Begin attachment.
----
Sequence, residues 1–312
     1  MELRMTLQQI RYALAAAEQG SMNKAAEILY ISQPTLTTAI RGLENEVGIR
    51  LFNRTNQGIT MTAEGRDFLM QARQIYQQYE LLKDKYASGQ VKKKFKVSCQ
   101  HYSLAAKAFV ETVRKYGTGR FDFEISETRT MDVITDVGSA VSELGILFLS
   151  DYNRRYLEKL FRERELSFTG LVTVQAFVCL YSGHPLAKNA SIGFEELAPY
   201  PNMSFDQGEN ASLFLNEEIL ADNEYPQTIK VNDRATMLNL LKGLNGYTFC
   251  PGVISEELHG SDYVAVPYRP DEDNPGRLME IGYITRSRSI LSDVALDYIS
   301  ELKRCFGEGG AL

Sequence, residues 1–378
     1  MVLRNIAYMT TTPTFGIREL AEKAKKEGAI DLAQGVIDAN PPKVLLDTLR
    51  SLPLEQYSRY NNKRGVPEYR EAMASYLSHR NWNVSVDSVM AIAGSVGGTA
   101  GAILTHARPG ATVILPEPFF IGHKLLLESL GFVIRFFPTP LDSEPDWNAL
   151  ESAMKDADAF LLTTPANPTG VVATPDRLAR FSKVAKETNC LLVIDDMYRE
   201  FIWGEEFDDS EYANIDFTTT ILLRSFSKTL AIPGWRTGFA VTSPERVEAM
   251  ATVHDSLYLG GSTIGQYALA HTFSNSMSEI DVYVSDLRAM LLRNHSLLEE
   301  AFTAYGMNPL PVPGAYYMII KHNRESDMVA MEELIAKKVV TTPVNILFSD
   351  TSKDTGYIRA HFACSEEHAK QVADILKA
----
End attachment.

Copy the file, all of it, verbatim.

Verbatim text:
Sequence, residues 1–312
     1  MELRMTLQQI RYALAAAEQG SMNKAAEILY ISQPTLTTAI RGLENEVGIR
    51  LFNRTNQGIT MTAEGRDFLM QARQIYQQYE LLKDKYASGQ VKKKFKVSCQ
   101  HYSLAAKAFV ETVRKYGTGR FDFEISETRT MDVITDVGSA VSELGILFLS
   151  DYNRRYLEKL FRERELSFTG LVTVQAFVCL YSGHPLAKNA SIGFEELAPY
   201  PNMSFDQGEN ASLFLNEEIL ADNEYPQTIK VNDRATMLNL LKGLNGYTFC
   251  PGVISEELHG SDYVAVPYRP DEDNPGRLME IGYITRSRSI LSDVALDYIS
   301  ELKRCFGEGG AL

Sequence, residues 1–378
     1  MVLRNIAYMT TTPTFGIREL AEKAKKEGAI DLAQGVIDAN PPKVLLDTLR
    51  SLPLEQYSRY NNKRGVPEYR EAMASYLSHR NWNVSVDSVM AIAGSVGGTA
   101  GAILTHARPG ATVILPEPFF IGHKLLLESL GFVIRFFPTP LDSEPDWNAL
   151  ESAMKDADAF LLTTPANPTG VVATPDRLAR FSKVAKETNC LLVIDDMYRE
   201  FIWGEEFDDS EYANIDFTTT ILLRSFSKTL AIPGWRTGFA VTSPERVEAM
   251  ATVHDSLYLG GSTIGQYALA HTFSNSMSEI DVYVSDLRAM LLRNHSLLEE
   301  AFTAYGMNPL PVPGAYYMII KHNRESDMVA MEELIAKKVV TTPVNILFSD
   351  TSKDTGYIRA HFACSEEHAK QVADILKA